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Oh, sure, he’s still into the music, but not with his trademark unbridled passion.

If there’s one general consistency throughout conductors’ interpretations of Mahler 2, it’s that the mouth must be open. From typically reserved Claudio Abbado…

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…to the exuberance of Zubin Mehta.

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Valery Gergiev (not famous for being a Mahler conductor) tries to keep his mouth closed…and, it seems, choke back some tears.

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Myung-whun Chung has ice in his veins and wields his baton with the precision of a surgeon.

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Pierre Boulez has steely resolve that borders on stoicism. (Would you expect anything else from Pierre Boulez?)

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Mariss Jansons wins the award for Best Facial Expression.

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Christoph Eschenbach wins the award for Best Head Movement.

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And Riccardo Chailly wins the award for Most Deranged.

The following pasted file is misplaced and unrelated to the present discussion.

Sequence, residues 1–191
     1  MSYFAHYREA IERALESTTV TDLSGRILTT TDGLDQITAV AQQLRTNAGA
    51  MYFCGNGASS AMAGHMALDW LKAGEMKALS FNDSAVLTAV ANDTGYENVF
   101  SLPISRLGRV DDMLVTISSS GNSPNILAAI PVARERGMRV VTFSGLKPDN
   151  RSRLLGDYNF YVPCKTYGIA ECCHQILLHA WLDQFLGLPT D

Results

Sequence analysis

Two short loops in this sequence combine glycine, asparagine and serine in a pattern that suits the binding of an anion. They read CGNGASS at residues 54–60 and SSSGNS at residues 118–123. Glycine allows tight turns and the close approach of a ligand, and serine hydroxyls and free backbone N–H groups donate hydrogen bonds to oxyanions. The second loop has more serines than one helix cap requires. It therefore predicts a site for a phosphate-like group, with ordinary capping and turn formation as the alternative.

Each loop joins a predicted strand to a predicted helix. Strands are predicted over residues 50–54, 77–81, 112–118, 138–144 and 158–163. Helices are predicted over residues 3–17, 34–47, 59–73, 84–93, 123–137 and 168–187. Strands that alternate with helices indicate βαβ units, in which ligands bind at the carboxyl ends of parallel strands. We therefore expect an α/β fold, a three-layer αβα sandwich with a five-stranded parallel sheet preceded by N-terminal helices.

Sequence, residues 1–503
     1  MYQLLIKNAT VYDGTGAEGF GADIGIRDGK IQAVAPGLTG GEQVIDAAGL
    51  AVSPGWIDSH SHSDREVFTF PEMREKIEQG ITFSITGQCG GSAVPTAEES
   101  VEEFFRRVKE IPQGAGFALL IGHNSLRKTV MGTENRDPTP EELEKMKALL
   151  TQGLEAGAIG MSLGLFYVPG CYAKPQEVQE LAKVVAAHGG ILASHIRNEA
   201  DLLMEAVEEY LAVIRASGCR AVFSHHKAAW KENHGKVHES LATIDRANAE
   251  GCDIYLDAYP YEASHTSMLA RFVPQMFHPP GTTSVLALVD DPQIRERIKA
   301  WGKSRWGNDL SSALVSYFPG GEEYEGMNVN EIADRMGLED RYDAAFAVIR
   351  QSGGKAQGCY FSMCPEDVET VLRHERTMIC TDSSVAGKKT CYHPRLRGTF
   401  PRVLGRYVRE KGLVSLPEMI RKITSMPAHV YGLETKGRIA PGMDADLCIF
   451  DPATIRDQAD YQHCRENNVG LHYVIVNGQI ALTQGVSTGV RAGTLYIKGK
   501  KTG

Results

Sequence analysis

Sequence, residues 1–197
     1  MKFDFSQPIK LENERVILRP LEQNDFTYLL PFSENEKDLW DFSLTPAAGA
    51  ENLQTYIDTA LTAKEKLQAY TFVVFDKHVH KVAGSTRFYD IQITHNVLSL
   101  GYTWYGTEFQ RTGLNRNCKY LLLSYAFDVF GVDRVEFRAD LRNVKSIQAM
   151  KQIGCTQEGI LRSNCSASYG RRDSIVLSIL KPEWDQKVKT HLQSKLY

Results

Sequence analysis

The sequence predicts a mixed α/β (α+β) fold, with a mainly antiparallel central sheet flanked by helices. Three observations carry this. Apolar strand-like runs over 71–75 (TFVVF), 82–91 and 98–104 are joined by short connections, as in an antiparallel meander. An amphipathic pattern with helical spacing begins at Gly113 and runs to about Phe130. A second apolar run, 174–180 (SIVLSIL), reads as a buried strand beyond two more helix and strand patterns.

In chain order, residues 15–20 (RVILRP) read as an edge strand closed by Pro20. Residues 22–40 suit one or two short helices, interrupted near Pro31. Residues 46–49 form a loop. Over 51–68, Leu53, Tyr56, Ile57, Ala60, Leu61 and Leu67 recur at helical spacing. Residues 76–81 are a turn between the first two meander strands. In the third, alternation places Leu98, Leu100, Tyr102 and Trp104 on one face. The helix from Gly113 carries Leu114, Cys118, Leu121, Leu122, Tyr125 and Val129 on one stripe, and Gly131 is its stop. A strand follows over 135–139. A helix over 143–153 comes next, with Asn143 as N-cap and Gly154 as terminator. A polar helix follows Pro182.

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So, there you have it. The many faces of the ecstasy and bliss that is Mahler’s Second Symphony. Now, go listen to a complete performance of it. I suggest this one:

11 Conductors Who Are Doing Something Else While Conducting

1. Herbert von Karajan grumpily churning the butter.

Karajan Churning Butter

 

2. Valery Gergiev mostly likely suffering from food poisoning.

Gergiev Has Food Poisoning

 

3a. Gustavo Dudamel suddenly noticing there’s a scorpion on his hand.

Dudamel Scorpion

3b. Gustavo Dudamel touches a hot stove and refuses to learn that he will get burned.

Dudamel Hot Stove

 

4. Pierre Boulez brings you the glass of wine you ordered which he totally disapproves of.